Randy McDonald (rfmcdpei) wrote,
Randy McDonald
rfmcdpei

[BRIEF NOTE] On the fact that the September 11th hijackers did not enter the US from Canada, really

Janet Napolitano, Secretary of Homeland Security, recently got quite a lot of negative attention from Canadians when she said--or didn't say; it's confusing, apparently--that September 11th hijackers entered the US via Canada. (John McCain thinks the same thing, but he doesn't matter so much now. Shockingly, find myself agreeing with Rex Murphy.

It's nearly 8 years since the crash of the twin towers, and she still doesn't know - still - that all of the hijackers that brought tragedy that day - came into the USA - through their own customs and immigration ---- not one came down through the great forests of Toronto or over the tundra of Montreal, not one of them got access to the US via what Ms Napolitano thinks of as "borderless" Canada.

Must it be said to Ms Napolitano yet again? The September 11 hijackers did not enter via Canada. Sauda Arabia is not the 11th province. Mohammed Atta did not fly into New York that terrible day from Prince Edward Island. The 9-11 hijackers did not go to "flight school" in Buttonville. Canada was not, in whole or in part, the "holding room" of the 9-11 terrorists.

What is Barack Obama doing appointing someone to head Homeland Security, who, eight years after the attacks, does not even now know where the hijackers came from and how they got into their country? Here, it’s not her ignorance about Canada which should be troubling. It’s her ignorance of the most publicized event in modern American history. How can anyone be head of Homeland Security and not know the history of the 19 men who killed nearly 3,000 Americans?


This Washington Post article--from 2005--traces the origin of this urban legend to mistaken reporting by two Boston newspapers in the confusion immediately following the terrorist attacks.

The account was born in the first days after the attacks, when reporters and government investigators were scrambling to figure out how the conspirators had carried out the plot. Bernard Etzinger, a Canadian Embassy spokesman, says the "big bang" that started the legend can be traced to two Boston newspapers.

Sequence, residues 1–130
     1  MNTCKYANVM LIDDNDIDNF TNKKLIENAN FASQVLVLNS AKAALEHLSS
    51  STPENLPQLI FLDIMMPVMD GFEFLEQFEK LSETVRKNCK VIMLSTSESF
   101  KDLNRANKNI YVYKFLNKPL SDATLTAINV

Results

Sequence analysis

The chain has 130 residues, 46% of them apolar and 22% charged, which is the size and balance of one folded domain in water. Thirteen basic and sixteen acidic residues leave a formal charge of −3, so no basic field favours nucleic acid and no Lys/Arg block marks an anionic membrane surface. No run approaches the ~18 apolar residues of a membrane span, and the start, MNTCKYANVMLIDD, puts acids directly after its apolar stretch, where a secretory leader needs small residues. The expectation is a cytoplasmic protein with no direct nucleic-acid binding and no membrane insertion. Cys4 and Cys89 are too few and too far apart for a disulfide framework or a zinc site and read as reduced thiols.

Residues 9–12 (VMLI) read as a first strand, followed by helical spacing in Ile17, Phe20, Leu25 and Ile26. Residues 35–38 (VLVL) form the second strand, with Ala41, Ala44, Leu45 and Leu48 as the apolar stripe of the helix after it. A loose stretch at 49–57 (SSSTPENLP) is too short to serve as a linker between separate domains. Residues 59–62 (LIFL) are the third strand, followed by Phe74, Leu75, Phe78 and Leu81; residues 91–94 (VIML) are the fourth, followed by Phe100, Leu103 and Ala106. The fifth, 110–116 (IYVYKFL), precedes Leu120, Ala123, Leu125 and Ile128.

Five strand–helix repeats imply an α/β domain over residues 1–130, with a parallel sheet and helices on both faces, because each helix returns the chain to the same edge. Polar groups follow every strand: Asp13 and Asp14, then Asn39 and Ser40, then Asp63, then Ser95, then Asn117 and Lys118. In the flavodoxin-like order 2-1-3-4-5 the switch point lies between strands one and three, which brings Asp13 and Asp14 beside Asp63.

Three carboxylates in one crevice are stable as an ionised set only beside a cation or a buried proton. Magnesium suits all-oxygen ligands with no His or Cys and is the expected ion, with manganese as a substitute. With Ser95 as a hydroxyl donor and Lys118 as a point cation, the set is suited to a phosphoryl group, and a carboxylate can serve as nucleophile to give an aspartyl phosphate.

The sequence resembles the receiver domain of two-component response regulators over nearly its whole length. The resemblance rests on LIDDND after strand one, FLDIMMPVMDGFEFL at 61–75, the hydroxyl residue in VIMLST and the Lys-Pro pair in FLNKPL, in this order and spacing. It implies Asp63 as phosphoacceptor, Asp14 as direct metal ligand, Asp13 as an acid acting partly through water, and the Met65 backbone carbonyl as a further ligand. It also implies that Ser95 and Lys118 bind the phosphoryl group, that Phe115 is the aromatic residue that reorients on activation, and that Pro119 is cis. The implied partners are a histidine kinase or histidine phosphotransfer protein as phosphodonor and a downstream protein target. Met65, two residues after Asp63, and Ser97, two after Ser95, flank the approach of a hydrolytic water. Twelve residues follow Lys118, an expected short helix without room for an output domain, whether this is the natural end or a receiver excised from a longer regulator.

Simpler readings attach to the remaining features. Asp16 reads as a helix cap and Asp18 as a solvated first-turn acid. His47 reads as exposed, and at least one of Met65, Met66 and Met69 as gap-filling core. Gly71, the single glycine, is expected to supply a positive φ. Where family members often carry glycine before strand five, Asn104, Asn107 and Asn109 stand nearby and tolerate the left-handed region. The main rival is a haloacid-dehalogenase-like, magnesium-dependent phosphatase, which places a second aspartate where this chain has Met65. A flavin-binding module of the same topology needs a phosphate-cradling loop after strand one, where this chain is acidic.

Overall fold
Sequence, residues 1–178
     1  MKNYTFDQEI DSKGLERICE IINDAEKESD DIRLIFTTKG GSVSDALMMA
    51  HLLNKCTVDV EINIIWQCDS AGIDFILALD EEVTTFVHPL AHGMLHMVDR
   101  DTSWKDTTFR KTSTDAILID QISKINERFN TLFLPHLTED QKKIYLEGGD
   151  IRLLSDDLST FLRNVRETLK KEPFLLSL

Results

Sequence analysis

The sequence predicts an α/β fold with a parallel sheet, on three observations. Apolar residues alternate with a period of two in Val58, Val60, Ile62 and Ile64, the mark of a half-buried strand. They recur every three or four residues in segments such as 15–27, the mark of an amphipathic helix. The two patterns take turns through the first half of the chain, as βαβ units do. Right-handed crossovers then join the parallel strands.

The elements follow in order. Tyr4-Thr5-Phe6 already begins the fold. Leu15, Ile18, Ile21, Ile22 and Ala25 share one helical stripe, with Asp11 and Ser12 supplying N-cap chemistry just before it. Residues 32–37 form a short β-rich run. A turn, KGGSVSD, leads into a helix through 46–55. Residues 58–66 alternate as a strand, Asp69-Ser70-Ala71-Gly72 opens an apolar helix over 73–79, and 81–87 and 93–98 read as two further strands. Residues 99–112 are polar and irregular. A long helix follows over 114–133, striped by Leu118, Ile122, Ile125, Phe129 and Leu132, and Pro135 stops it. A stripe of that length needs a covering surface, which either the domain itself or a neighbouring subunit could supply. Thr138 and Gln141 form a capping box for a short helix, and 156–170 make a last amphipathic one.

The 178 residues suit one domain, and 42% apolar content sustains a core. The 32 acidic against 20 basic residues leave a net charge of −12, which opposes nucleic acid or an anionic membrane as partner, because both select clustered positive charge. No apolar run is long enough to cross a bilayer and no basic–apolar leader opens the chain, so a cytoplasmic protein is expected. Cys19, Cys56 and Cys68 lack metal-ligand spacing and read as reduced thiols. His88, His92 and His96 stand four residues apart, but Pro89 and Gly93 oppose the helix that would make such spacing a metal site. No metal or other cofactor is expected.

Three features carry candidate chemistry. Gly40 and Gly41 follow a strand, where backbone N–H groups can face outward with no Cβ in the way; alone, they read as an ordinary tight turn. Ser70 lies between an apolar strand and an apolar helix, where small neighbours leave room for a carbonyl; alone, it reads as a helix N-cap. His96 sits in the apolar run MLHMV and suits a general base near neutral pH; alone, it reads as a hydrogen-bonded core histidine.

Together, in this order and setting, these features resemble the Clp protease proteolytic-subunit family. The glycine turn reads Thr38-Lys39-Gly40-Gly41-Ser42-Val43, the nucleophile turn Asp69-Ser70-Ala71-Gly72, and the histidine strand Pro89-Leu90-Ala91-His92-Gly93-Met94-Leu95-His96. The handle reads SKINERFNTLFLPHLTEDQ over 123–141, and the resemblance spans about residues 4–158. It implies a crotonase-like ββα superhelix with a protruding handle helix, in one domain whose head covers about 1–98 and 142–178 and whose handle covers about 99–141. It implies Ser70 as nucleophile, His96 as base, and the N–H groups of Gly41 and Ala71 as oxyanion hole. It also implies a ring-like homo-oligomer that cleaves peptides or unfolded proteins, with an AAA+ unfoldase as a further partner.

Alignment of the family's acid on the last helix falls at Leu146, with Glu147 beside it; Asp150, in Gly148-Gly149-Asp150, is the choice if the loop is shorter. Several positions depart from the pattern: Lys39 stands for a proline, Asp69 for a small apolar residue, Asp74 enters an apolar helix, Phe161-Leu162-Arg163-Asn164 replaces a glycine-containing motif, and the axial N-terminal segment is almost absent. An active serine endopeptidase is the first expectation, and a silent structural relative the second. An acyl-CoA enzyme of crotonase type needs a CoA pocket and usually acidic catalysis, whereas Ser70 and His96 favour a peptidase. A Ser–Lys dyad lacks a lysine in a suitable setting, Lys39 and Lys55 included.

A Boston Globe story on Sept. 13 said investigators were "seeking evidence" that the hijackers came through Canada. The Boston Herald reported the same day that federal investigators believed "the terrorist suspects may have traveled . . . by boat" from Canada.

On Sept. 14, The Washington Post reported that an unnamed U.S. official had said two suspects "crossed the border from Canada with no known difficulty at a small border entry in Coburn Gore, Maine," and that others may have come through other Maine ports. On Sept. 16, that report was repeated by the New York Post, which also declared that "terrorists bent on wreaking havoc in the United States" had found Canada "the path of least resistance." On Sept. 19, the Christian Science Monitor referred to Canada as "a haven for terrorists."

"It was just one of those things where everybody says, 'We all knew that,' and it becomes irrefutable," Etzinger said.


The Vanity Press' Chet Scoville further points out that most of the five hundred or so suspicious people who entered the US from Canada in a past year are actually American citizens or landed immigrants, and that their Canadian counterparts are only a small, small minority. Blame Canada, suggests Scoville? Why not? "These are the elements of a full and comprehensive Blame Canada narrative, and one that I'm guessing will last for the forseeable future no matter who's in charge. It serves to justify American self-image. It blames others for America's own problems. It's a great way to pretend that citizenship rights don't exist in US terrorism cases. It's handy in several ways. For that reason, I suspect it will be with us for a long time."
Tags: canada, migration, nationalism, terrorism, united states
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